George Lucas, Raiz Group CEO
First to equities. The MSCI World Index, the broad global equity index representing large and mid-cap equity performance in all 23 developed markets nations, has risen around 6 per cent since COVID-19 vaccination programs started in early December.
Two things stand out here. One: the equity market rotation that occurred in November has stopped, with coronavirus-resilient sectors like IT and communication services among those best performing since early December. Two: the recent rise in the yield of 10-year US Treasuries has not halted the equity rally, despite a common belief that higher government bond yields are trouble for stocks.
Meanwhile, the market is pricing in less effective opening of the global economy than popular media would have you believe. Markets are pricing in an increase in inflation, with concerns that too much stimulus might ignite higher inflation.
Irrespective, in time, when it is clearer that it can reopen at a faster rate, we should see a rebound in the global economy and a boost to corporate earnings. We should also then see coronavirus-vulnerable sectors, such as energy, start to outperform again as they did in November.
At the same time, fiscal and monetary policy are set to remain accommodative for some time, underpinning further rallies in the equity markets.
Australian dollar set to rise against greenback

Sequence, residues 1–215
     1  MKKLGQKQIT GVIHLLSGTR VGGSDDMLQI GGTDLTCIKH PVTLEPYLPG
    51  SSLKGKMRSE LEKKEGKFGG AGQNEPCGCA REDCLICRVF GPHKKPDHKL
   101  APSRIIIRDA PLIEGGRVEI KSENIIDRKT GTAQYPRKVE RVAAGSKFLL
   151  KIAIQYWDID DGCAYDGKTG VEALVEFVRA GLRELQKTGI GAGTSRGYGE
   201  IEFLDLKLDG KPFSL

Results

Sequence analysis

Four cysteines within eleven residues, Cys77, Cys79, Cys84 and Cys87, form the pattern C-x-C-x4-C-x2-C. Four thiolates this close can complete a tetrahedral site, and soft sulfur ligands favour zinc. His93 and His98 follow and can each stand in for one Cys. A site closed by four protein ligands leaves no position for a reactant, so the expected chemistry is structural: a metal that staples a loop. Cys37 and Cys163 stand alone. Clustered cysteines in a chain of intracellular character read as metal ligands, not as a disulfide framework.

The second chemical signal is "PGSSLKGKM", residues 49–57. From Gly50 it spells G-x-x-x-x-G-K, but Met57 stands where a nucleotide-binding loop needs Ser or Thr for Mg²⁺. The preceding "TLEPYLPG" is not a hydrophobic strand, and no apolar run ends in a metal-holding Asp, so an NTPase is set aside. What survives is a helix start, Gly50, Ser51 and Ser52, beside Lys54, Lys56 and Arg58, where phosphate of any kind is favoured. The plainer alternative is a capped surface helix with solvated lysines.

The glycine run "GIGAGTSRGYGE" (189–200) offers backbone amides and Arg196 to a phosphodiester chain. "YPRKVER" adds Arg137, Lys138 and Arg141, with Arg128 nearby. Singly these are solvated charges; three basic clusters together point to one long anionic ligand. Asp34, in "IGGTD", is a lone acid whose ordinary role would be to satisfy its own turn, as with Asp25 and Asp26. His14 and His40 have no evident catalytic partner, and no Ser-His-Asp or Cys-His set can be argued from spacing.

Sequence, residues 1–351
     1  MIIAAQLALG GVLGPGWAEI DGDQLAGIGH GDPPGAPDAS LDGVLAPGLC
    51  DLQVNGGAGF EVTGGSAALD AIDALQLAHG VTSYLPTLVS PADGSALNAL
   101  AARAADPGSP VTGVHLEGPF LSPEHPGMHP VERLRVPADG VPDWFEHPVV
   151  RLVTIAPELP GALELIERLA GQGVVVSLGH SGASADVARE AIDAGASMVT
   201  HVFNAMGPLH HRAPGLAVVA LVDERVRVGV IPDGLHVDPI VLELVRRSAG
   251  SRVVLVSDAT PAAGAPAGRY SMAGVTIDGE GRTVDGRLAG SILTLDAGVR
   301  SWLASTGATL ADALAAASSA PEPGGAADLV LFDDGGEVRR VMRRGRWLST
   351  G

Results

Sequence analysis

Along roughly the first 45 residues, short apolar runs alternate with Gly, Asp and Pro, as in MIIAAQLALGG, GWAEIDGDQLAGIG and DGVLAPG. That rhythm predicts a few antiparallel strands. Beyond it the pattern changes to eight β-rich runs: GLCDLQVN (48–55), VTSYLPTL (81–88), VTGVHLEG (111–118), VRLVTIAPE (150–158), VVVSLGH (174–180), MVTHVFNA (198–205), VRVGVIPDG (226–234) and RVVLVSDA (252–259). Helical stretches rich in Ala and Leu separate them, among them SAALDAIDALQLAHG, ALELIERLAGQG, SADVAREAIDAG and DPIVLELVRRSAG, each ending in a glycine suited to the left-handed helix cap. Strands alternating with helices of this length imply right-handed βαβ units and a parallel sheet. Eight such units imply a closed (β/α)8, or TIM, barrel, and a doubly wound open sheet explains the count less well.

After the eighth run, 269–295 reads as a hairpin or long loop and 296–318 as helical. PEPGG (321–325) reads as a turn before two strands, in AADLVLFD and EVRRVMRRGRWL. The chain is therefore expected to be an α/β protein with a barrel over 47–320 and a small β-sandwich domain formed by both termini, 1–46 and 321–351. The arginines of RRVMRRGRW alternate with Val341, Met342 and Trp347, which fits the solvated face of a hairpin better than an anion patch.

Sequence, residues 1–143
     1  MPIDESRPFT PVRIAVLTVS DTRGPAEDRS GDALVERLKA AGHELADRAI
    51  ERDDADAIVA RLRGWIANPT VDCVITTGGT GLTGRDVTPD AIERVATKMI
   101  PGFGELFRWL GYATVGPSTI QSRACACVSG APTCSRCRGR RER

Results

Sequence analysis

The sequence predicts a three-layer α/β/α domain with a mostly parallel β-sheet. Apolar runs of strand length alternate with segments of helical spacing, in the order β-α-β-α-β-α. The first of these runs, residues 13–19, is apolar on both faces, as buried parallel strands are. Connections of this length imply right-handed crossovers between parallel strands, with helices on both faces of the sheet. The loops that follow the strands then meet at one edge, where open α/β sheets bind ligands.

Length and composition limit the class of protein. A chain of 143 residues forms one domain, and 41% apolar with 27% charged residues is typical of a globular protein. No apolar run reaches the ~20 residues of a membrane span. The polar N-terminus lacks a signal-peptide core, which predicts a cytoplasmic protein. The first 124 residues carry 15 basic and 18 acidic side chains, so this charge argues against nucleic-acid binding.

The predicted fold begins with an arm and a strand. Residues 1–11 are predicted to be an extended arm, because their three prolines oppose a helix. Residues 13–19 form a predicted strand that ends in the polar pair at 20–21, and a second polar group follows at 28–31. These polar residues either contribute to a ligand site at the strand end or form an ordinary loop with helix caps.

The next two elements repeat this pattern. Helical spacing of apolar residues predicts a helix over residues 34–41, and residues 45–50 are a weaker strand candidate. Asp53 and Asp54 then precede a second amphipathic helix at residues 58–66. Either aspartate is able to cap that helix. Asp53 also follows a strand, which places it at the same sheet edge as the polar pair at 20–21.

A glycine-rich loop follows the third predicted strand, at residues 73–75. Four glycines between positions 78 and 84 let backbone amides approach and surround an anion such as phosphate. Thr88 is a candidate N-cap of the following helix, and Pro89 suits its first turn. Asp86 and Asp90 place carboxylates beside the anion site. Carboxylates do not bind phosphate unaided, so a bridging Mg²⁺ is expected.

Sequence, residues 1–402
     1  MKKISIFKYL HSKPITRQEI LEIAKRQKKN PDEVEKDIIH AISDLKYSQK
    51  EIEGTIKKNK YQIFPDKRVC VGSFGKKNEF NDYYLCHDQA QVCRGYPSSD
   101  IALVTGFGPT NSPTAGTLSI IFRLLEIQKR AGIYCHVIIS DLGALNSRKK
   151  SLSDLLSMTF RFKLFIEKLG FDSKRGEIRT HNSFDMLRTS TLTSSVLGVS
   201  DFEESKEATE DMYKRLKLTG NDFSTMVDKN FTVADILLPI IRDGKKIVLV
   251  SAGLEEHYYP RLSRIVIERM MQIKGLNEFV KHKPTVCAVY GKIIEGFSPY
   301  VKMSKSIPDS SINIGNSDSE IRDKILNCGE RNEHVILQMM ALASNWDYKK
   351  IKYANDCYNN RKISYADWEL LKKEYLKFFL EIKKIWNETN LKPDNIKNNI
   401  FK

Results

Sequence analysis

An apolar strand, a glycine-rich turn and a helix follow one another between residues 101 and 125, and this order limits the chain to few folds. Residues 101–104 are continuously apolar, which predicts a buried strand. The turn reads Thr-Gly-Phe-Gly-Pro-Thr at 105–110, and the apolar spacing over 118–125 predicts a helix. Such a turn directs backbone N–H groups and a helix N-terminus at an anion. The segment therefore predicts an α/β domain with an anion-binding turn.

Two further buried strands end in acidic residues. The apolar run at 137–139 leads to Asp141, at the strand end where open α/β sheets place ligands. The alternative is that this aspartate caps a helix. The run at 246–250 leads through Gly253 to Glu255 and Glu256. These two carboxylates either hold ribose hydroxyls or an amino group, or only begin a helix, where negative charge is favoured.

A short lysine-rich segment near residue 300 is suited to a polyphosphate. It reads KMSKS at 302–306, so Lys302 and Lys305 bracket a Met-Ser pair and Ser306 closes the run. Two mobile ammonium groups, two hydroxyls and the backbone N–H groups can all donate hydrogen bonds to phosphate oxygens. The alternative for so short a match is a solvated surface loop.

Turning to currencies, the Aussie and emerging market currencies should resume appreciating against the US dollar before long, even if yields of US government bonds continue to rise slightly.
After appreciating significantly against the US dollar in the second half of 2020, they have generally had a slow start to 2021, with most little changed or a bit weaker against the US dollar. This has been driven by the rise in US Treasury yields this year on the back of higher perceived odds of fiscal stimulus, and therefore inflation. This has seen the US dollar strengthen more broadly.
Also, it is unlikely now that interest rate differentials between Australia/emerging markets and the US will widen much further. We think US yields will only rise slightly, if at all, rather than surging as in the 2013 “taper tantrum”. This will limit downward pressure on currencies against the US dollar.
More important, investor appetite for risk is likely to remain strong amid the backdrop of a rapid economic recovery and supportive monetary and fiscal policy. The point here is that sometimes when investors think of risk-on they think about the Australian dollar and emerging markets.
The big takeaway from all this is that the picture remains positive for Australia and emerging market currencies, and most of them will resume their rise against the dollar this year.
Malaysia’s economy shrinks
In Asia, Malaysia’s economic recovery went into reverse in Q4, with GDP falling 0.3 per cent quarter-on-quarter. In year-on-year terms, the pace of contraction worsened from a revised -2.6 per cent in Q3 to -3.4 per cent in Q4.
Elsewhere, Bank Indonesia is likely to cut interest rates by a further 25 basis points at its meeting on Thursday. Hit hard by the COVID-19 pandemic, the likely move by the central bank comes after Indonesia’s economy last year notched its first full-year GDP contraction since 1998.
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